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Gulf without US carrier presence

ABU DHABI // The Gulf has been left without the protection of a naval strike force after the United States Navy withdrew out its sole aircraft carrier last month.

With the Dwight D Eisenhower returning to Norfolk, Virginia, at the end of December and its relief, the George H W Bush yet to leave port in the US, the gap of potentially two months is seen as poor timing with rising regional instability.

However, analysts said the move was not so significant as the US has military assets around the Gulf equal to contingency.

“The region is critical for the health of the world economy, the US allies and trading partners that cannot be neglected by the international community,” said Dr Albadr Al Shateri, politics professor at the National Defence College.

“It is no secret that the US and other European powers have military bases in Bahrain, the UAE, the Indian Ocean island of Diego Garcia, Egypt, Oman, Turkey and many more. All of those military capabilities could be brought to bear on any threats to the free flow of oil and western interests in the region.”

Others said the gap is explained by operational and force readiness issues rather than policy changes.

“The handover between US aircraft carriers normally runs smoothly but it hasn’t this time and although this raises eyebrows and some questions, there are always contingency plans in place,” said Sabahat Khan, senior analyst at the Institute for Near East and Gulf Military Analysis in Dubai.

“So without a carrier deployment, the US would likely be reinforcing other force elements. If this was a strategic policy decision, which it is not, it would of course be very significant given its impact on the regional balance of force with Iran because carriers provide and enable a unique set of capabilities that are very important to the context of deterring Iran.”

The Barack Obama administration has used naval power in the Gulf, spearheaded by the aircraft carrier Theodore Roosevelt, as a crucial element of its bid to reassure GCC allies over its commitment to countering Tehran.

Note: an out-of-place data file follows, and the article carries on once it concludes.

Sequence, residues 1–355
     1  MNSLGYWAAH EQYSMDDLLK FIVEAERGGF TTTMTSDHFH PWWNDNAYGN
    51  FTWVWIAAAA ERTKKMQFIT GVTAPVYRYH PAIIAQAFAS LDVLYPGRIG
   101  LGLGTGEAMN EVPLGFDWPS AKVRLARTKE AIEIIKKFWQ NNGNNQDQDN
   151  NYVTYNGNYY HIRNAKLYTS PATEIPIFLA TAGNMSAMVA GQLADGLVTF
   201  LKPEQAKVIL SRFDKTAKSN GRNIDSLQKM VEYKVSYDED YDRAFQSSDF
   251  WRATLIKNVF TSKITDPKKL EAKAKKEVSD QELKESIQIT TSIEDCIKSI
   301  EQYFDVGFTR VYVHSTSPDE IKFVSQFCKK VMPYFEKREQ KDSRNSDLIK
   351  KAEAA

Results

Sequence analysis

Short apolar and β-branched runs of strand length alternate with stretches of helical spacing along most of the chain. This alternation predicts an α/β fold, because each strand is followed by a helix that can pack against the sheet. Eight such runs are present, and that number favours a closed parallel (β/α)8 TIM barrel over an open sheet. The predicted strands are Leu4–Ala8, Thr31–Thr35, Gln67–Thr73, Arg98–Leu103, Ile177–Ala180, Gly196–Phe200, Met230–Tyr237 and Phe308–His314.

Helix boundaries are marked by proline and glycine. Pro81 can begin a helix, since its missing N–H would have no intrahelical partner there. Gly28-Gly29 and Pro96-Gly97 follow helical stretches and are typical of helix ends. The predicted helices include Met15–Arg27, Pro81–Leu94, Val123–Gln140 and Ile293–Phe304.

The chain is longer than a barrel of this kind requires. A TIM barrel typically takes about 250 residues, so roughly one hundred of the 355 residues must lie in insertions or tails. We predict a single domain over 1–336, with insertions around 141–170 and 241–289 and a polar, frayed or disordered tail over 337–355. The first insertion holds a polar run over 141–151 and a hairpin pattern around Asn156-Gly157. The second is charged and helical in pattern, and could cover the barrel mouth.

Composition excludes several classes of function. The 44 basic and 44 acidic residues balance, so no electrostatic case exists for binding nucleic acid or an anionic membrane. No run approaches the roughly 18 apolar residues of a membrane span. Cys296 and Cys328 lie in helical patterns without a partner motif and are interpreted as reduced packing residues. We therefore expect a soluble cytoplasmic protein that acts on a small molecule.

In April 2015, it deployed the carrier to block Iranian ships from delivering weapons to Houthi rebels in Yemen.

The Pentagon had previously required the US navy to keep at least one carrier in the Gulf at all times, with an overlap period between any replacement. But that requirement was replaced with new guidelines that allowed periods of no carrier presence.

Dr Anthony Cordesman, from the Washington-based think tank International Centre for Strategic and International Studies, said although there was no carrier, there was a US air force presence in Gulf countries and Turkey, as well as assets in terms of unmanned aerial vehicles used against ISIL in Iraq and Syria.

“So you have far more US airpower deployed right now than you had at any time when you had a carrier out there but you weren’t otherwise deploying US combat forces,” he said. “It is frankly no indication of US involvement in the region. While a carrier isn’t there, the US has built up forces that are matched to the Iranian threat, missiles and asymmetric warfare more in the Gulf than it has in the Pacific.”

Lt Ian McConnaughey, US Naval Forces Central Command (Centcom) spokesman, said the navy remained committed to supporting Centcom to ensure it had the capabilities it needed for maritime security in its area of operations.

“We are not going to discuss the timing of operational movements of carrier strike groups into and out of the US Centcom area of responsibility,” he said. “In general, a carrier strike group is inherently a maneouvre force that offer commanders the ability to flexibly respond to a wide variety of missions and contingencies. Their presence reassures allies and partners while deterring potential adversaries.”

He said they were capable of projecting power worldwide, supporting crisis response and providing humanitarian assistance for emerging disaster relief efforts.

“They protect US interests and help ensure the free flow of commerce,” he added. “Centcom has worked to mitigate risk by minimising or eliminating any reduction in capability and is working with the joint staff to ensure it has the joint capabilities it needs to continue the fight to degrade, defeat and ultimately destroy Isis.”

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